Lawmakers demand briefings on cell network security flaw

Top lawmakers on the House Energy and Commerce Committee asked major telecom providers on Tuesday to brief them on a security vulnerability in the global cellphone network.

The CBS show “60 Minutes” ran a segment this month detailing the weakness in the protocols, known as SS7. Those protocols, used to connect cellphones around the world, allow hackers to listen in on phone calls when they only know a device’s number.

{mosads}The leaders of the House Energy and Commerce Committee — Chairman Fred Upton (R-Mich.) and ranking member Frank Pallone Jr. (D-N.J.) — wrote to AT&T, Verizon, T-Mobile, Sprint, CenturyLink and Frontier Communications asking them for briefings on the security flaw.

“The seriousness of any such vulnerability cannot be understated,” they wrote to AT&T’s chief executive, for example. “Given the role of SS7 in our global communications networks, these vulnerabilities expose anyone using a phone to a possible security breach.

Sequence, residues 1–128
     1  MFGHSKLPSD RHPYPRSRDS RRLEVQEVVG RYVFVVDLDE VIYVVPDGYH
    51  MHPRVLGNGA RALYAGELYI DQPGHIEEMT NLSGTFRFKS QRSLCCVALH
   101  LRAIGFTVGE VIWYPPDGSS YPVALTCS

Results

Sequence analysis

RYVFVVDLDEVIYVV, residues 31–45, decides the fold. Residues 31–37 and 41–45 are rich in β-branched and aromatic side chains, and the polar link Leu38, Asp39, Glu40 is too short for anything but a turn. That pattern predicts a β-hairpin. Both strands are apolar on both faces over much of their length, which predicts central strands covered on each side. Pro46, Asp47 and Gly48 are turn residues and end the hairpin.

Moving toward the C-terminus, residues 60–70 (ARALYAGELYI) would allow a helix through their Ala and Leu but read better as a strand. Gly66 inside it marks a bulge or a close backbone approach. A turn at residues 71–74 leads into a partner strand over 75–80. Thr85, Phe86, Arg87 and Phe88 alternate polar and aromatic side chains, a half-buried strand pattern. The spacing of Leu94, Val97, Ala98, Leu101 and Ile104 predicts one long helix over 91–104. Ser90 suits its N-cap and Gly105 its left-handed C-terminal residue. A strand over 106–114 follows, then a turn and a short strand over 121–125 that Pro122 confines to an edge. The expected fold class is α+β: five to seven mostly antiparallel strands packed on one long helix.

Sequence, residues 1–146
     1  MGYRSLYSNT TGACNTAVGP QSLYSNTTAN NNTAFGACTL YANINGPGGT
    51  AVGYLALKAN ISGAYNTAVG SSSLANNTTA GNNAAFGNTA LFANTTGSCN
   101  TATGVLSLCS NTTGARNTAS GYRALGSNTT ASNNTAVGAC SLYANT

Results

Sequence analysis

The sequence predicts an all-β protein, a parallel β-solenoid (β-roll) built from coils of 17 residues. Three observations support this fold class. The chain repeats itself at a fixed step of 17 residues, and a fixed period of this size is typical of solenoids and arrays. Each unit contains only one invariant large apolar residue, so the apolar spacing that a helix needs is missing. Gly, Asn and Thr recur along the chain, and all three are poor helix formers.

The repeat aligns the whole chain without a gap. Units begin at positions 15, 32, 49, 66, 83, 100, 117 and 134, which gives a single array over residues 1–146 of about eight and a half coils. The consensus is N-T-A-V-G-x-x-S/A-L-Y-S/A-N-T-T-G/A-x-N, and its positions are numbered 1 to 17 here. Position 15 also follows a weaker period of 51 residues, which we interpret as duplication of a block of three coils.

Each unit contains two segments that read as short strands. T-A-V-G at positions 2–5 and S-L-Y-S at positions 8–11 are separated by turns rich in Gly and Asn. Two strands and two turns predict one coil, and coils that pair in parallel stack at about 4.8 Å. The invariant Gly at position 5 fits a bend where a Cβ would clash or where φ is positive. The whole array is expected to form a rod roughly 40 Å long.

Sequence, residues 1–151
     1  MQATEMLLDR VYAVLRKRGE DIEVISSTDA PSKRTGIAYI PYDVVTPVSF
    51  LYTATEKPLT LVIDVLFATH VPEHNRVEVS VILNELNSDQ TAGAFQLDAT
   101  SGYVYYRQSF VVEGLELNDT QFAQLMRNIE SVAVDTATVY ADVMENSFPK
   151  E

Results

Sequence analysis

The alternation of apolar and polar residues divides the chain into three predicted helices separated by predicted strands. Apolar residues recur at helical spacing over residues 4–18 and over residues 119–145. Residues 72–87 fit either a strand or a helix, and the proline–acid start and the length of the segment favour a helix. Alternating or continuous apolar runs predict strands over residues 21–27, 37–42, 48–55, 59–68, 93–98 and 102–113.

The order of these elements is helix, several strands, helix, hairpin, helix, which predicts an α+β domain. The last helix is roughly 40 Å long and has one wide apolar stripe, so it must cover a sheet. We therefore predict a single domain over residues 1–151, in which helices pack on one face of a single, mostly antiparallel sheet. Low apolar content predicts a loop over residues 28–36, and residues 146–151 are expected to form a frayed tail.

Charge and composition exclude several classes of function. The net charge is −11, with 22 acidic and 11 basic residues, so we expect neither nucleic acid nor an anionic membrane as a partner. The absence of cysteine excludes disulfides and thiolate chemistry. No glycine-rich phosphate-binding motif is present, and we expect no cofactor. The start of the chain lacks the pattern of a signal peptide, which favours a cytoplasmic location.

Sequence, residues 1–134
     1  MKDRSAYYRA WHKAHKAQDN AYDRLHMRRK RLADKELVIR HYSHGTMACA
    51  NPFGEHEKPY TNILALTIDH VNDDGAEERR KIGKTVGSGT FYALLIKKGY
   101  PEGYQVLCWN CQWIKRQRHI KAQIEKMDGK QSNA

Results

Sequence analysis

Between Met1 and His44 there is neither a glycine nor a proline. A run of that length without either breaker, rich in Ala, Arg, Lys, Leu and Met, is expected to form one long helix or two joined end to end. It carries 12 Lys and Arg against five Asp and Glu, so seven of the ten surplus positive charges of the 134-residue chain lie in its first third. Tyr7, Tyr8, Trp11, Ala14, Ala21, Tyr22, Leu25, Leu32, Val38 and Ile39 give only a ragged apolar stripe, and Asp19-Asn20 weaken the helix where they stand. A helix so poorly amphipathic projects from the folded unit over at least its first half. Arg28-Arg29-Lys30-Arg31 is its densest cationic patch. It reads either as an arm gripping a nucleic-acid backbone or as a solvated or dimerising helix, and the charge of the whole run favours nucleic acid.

“In order for the Committee to gain a better understanding of any security flaws in the SS7 protocol and the risks they represent, we request that the Chief Technology Officer of your company be available to brief the Committee.”

They were joined in signing the letter by Rep. Greg Walden (R-Ore.) and Rep. Anna Eshoo (D-Calif.), the chairman and ranking member, respectively, for the Subcommittee on Communications and Technology. Walden had expressed concerns with the vulnerability after the “60 Minutes” report.

Rep. Ted Lieu (D-Calif.) has also requested a hearing for the House Oversight and Government Reform Committee.

–This report was updated at 2:52 p.m.


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